Back in 1992, when cries for women in combat were sounding on the heels of the Gulf War, John Luddy wrote about the implications of such a decision in the Los Angeles Times:
All killing on the battlefield is not accomplished by precision-guided munitions; men must still drive cold steel into other men’s guts. Parents, picture a platoon of soldiers, your daughter among them, wielding bayonets in what we infantrymen delicately call close combat. Some are doing the sticking; some are being stuck. Therein lies the second problem with placing women in combat units. As a society, do we want to have women doing this? If so, what would be wrong with a man punching a woman under the same circumstances in which he might punch a man? One is no “better” than the other, but we react differently, don’t we?
While some of the aggressive behaviors men exhibit are the result of cultural factors, many are biological and part of the created order. Properly channeled, their aggressions have, throughout history, protected and defended family, property, and country.
Obviously, women are uniquely equipped to bear children. It’s something men cannot do. In addition to the obvious differences in strength, it’s the main reason men have provided protection for their families and were the ones to go to war throughout history. Biologically, a woman can only reproduce for a small window of time in her life, her fertility decreasing in her 30s. The very survival of society depends on protecting women. It’s interesting to note that the sex ratio at birth, both in the United States and around the world, favors men. In the U.S. 1.05 boys are born for every girl. I don’t want to say that men are more expendable, but from a purely raw numbers standpoint, we need women more than we need men. A society that doesn’t recognize this and fails to honor the important and different roles men and women fulfill blindly ignores all of human history.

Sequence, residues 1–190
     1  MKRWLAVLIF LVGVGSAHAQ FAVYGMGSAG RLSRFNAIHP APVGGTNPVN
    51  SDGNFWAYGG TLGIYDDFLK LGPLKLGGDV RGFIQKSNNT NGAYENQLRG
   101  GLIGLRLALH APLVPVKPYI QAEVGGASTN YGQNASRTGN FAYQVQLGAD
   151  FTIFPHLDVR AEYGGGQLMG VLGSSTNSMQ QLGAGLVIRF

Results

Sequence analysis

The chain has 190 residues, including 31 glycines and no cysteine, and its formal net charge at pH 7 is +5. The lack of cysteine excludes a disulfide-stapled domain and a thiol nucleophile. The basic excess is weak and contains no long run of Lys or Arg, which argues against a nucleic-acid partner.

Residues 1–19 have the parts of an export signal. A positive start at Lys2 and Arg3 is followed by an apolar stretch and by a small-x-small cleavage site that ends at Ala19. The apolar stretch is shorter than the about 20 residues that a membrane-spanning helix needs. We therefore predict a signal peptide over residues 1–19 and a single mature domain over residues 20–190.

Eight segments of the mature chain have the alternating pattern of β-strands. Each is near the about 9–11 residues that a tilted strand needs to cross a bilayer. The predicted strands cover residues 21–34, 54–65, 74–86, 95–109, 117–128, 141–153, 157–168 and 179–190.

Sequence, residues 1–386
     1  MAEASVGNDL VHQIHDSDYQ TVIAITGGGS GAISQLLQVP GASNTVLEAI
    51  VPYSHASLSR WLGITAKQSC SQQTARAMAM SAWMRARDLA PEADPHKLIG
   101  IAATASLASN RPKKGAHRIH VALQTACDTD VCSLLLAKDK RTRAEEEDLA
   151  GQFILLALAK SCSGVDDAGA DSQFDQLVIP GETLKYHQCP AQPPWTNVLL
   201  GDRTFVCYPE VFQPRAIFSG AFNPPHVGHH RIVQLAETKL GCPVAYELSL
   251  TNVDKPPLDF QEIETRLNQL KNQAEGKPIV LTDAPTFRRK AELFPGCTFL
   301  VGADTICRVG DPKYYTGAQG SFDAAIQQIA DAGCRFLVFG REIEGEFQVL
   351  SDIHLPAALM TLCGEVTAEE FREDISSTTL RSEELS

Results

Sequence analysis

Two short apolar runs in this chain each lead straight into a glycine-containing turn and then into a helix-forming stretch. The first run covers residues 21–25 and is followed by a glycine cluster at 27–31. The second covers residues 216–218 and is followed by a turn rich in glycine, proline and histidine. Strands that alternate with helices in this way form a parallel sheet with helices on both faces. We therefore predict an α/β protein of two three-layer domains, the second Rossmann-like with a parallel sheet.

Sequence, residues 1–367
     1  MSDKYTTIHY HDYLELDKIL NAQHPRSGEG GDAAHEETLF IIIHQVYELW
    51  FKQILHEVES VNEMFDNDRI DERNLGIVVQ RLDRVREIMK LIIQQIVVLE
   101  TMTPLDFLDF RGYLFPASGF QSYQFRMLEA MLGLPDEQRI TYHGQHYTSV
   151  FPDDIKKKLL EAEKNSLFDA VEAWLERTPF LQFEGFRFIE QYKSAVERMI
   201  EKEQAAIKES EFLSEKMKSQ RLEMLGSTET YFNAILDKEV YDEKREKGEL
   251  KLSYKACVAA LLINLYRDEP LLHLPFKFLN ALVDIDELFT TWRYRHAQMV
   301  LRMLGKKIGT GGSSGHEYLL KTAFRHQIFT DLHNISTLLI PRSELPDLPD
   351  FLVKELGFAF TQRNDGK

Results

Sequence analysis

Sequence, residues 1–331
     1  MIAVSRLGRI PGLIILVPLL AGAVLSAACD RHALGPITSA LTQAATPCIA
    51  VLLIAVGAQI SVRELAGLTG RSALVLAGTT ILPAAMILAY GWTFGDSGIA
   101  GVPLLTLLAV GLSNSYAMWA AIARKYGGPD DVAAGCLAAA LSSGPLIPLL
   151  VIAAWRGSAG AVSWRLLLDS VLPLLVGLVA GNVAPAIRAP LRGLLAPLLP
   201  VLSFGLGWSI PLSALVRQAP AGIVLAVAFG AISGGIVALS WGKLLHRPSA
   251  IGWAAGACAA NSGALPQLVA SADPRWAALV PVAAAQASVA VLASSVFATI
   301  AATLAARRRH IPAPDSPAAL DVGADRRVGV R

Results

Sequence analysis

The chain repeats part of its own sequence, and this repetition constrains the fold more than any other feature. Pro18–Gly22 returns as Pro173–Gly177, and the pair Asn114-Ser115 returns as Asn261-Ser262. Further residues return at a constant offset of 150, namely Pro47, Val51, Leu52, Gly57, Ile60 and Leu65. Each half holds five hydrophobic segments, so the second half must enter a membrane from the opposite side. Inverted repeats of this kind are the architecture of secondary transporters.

If we as a country insist on pushing through this barrier and throwing our women at the enemy by placing them on the front lines in combat, some important cultural and sociological changes will need to occur. We will need to raise a new generation of men who will be willing to stand by and watch women being shot, stabbed, tortured, raped and battered. They will need to be desensitized to the realities of harm befalling women. Additionally, once the United States crosses the barrier of women in combat, other countries will likely follow, so our men will need to learn to stand face to face with a woman, look her in the eye, and kill her in hand-to-hand combat.